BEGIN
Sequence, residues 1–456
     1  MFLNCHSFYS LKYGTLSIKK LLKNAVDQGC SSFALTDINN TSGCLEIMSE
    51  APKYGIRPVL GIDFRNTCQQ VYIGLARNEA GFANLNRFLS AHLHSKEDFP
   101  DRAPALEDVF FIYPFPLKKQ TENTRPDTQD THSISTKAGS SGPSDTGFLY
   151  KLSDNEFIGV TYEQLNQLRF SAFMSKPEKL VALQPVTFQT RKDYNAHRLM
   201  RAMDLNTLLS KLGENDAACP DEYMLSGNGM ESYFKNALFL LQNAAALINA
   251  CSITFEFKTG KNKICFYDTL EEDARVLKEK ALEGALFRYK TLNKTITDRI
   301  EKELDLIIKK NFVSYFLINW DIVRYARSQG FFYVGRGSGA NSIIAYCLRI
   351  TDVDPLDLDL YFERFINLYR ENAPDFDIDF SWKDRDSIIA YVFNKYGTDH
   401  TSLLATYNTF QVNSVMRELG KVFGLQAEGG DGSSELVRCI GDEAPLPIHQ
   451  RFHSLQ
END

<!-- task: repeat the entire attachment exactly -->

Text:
Sequence, residues 1–456
     1  MFLNCHSFYS LKYGTLSIKK LLKNAVDQGC SSFALTDINN TSGCLEIMSE
    51  APKYGIRPVL GIDFRNTCQQ VYIGLARNEA GFANLNRFLS AHLHSKEDFP
   101  DRAPALEDVF FIYPFPLKKQ TENTRPDTQD THSISTKAGS SGPSDTGFLY
   151  KLSDNEFIGV TYEQLNQLRF SAFMSKPEKL VALQPVTFQT RKDYNAHRLM
   201  RAMDLNTLLS KLGENDAACP DEYMLSGNGM ESYFKNALFL LQNAAALINA
   251  CSITFEFKTG KNKICFYDTL EEDARVLKEK ALEGALFRYK TLNKTITDRI
   301  EKELDLIIKK NFVSYFLINW DIVRYARSQG FFYVGRGSGA NSIIAYCLRI
   351  TDVDPLDLDL YFERFINLYR ENAPDFDIDF SWKDRDSIIA YVFNKYGTDH
   401  TSLLATYNTF QVNSVMRELG KVFGLQAEGG DGSSELVRCI GDEAPLPIHQ
   451  RFHSLQ